IRREVOCABLE TRUST OF ANTHONY J. ANTONIOUS v. NIKE, INC.
MEMORANDUM OPINION AND ORDER denying Defendant's 150 Motion for Attorney Fees, etc. Signed by Judge Kevin McNulty on 04/24/2017. (ek)
UNITED STATES DISTRICT COURT
DISTRICT OF NEW JERSEY
Civil Action No. 1 1-cv-06327 (KM)
IRREVOCABLE TRUST of
ANTHONY J. ANTONIOUS,
MEMORANDUM OPINION AND
MCNULTY, District Judge
I awarded summary judgment to the defendant, NIKE, Inc., after the
close of fact and expert discovery in this patent case Now before the Court is
Nike’s motion for an award of attorney’s fees pursuant to 35 U.S.C.
no. 150) For the reasons expressed herein, the motion is DENIED.
The statute, 35 U.S.C.
§ 285. (ECF
§ 285, permits an award of attorney’s fees to the
prevailing party in a patent case that is “exceptional.” An exceptional case is
one “that stands out from others with respect to the substantive strength of a
party’s litigating position (considering both the governing law and the facts of
the case) or the unreasonable manner in which the case was litigated.” Octane
Fitness, LLC v. ICON Health & Fitness, Inc., 134 S. Ct. 1749, 1756 (2014). The
issue calls for an exercise of the court’s discretion, based on the circumstances
of the individual case. Factors to be considered include “frivolousness,
motivation, objective unreasonableness.
and the need in particular
circumstances to advance considerations of compensation and deterrence.” Id.
As I write solely for the parties, familiarity with the history of the matter
is assumed. Here are the broad outlines.
This case was filed in 2011. On September 20, 2012, the parties, in
keeping with our Local Rules for patent cases, filed a joint statement,
identifying those patent terms agreed upon and those in dispute. (ECF no.
One of the terms agreed upon was “aerodynamic configuration.” The
parties agreed that “aerodynamic configuration means an aerodynamica
efficient configuration which minimizes turbulence, reduces drag, and
increases laminar flow around the club head when swung.” (ECF no. 35 at
As to the other patent terms in dispute, I convened a Markman hearing
on April 29, 2013, and construed them. (ECF nos. 54, 55) Fact discovery closed
on February 25, 2015. (ECF no. 80) Expert discovery closed on May 7, 2015.
(ECF no. 82)
NIKE then moved for summary judgment that it had not infringed. That
motion focused on the single issue of whether NIKE’s accused golf club heads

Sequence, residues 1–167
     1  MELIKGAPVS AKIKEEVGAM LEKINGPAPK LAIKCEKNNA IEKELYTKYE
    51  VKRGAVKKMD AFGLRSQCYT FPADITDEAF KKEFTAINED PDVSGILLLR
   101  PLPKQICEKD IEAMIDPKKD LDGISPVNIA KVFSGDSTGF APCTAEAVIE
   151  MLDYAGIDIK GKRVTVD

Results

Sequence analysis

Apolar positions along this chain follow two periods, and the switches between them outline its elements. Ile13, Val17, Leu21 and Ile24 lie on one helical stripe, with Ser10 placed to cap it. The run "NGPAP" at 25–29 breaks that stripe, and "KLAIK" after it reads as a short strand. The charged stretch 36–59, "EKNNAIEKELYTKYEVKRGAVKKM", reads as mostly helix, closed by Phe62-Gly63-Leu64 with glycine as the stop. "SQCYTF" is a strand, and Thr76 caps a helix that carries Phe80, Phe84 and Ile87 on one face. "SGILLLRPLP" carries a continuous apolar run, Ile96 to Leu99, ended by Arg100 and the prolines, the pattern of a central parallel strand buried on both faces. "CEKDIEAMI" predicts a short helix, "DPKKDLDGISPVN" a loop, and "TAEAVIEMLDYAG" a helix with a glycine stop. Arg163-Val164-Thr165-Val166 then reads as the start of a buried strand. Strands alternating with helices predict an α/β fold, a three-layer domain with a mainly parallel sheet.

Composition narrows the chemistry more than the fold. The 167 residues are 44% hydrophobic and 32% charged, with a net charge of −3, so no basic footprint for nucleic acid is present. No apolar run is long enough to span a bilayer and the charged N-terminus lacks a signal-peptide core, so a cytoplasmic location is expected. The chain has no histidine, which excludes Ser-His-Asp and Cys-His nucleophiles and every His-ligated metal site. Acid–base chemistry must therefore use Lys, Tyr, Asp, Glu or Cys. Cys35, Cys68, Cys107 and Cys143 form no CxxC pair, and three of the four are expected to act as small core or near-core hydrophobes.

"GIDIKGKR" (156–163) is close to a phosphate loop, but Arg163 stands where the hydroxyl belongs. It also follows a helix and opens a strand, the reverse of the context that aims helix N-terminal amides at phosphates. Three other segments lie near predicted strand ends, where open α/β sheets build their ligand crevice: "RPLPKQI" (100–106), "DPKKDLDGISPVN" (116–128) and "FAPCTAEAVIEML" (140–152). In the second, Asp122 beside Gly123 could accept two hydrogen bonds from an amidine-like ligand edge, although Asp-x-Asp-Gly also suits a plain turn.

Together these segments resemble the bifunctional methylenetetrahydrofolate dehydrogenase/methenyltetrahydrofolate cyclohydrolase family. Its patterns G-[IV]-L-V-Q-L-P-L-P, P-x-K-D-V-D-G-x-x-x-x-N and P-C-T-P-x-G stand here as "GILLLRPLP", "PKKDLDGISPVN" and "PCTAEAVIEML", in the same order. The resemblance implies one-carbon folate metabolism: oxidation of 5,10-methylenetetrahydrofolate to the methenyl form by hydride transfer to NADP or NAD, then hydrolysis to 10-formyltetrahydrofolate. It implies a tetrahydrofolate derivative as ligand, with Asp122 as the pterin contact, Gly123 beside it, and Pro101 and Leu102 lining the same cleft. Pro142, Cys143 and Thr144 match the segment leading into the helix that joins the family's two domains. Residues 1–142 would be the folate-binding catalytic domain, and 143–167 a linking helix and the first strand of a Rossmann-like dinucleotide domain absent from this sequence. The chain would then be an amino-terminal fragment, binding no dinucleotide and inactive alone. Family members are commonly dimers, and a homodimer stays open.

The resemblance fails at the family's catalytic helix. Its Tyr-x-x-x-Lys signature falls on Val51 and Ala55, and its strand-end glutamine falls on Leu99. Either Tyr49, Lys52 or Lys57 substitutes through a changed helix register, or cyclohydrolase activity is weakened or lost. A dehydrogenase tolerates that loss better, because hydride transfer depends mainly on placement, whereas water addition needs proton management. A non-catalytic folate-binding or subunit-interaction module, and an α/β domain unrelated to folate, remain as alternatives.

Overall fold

possess the claimed “aerodynamic configuration.” Construction of that term,
recall, had been agreed upon in 2012, well in advance of the Markman hearing
and the bulk of discovery in the case. I decided the motion as presented,
granting summary judgment to NIKE. (ECF nos. 131, 140)
The Trust then filed a motion to reopen discovery and vacate summary
judgment, which attempted to recast its experts’ opinions and argued that
certain ill-advised positions had been the result of counsel’s illness.’ I denied
that motion. (ECF no. 146) Final judgment was entered on December 19, 2016.
(ECF no. 148)
The Trust has given NIKE much to work with in arguing that this was an
exceptionally frivolous case. Its own experts appeared to concede the issue of
“aerodynamic configuration,” and their later attempts to backtrack were not
persuasive. The Trust, after suffering setbacks, resorted to motions to amend
That motion, filed with leave of the court, built on the Trust’s belated
“amended” summary judgment papers, which I did not consider on the original
summary judgment motion. (ECF nos. 113, 114, 117)
or reconsider that can only be called frivolous. And I found the merits
patent claim to be sorely lacking.
In short, frivolousness there was—but perfidy there was not. The Trust
agreed at the outset to the construction of “aerodynamic configuration
proved to be dispositive. The other construction issues on which it fought
little or no difference to the case. The Trust’s experts, too, seemingly testifie
honestly in depositions to their views as to aerodynamic configuration,
NIKE’s summary judgment motion relied heavily on those experts’ statem
I saw no evidence of untoward motives, apart from a plaintiffs generic
motivation to obtain an award of damages. Nor is bad faith required
the plaintiff’s pursuit of these claims. I do not say that the litigation was
pursued unskillfully, but it may well have been underfunded. Another factor,
only a makeweight, is that the plaintiff is a trustee who may have felt a
fiduciary duty to pursue the claims on behalf of heirs.
Deterrence of frivolous lawsuits is an important goal. Many have
remarked on the asymmetric warfare that can be waged by a non-practicing
patent holder with little to lose. I do not think, however, that the result here,
after six years of litigation, would embolden others. Specific deterrence of the
Trust, too, seems to of minimal concern. According to the affidavit of the
plaintiff’s trustee, the ‘754 patent is close to expiring, the Trust is close to
bankruptcy, and it has no other assets aside from expired patents. (ECF no.
156-1) Nor is NIKE a defendant whose business has been impaired by the
expenditure of attorney’s fees, so compensation is not urgent, even assuming
that an award of attorney’s fees could be collected.
The defendant having filed a motion for attorney’s fees (ECF no. 150);
and the plaintiff having filed a response (ECF no. 156); and the defendant
having filed a reply (ECF no. 160); and the defendant also having filed an
unopposed motion (ECF no. 161) to seal parts of the supporting affidavit; for
the reasons expressed in the foregoing opinion, and good cause appearing
IT IS this 24th day of April, 2016,
ORDERED that the defendant’s motion for an award of attorney’s fees,
pursuant to 35 U.s.c § 285 (ECF no. 150) is DENIED.
The motion to seal (ECF no. 161) is granted in a separate order.
United States District Judge
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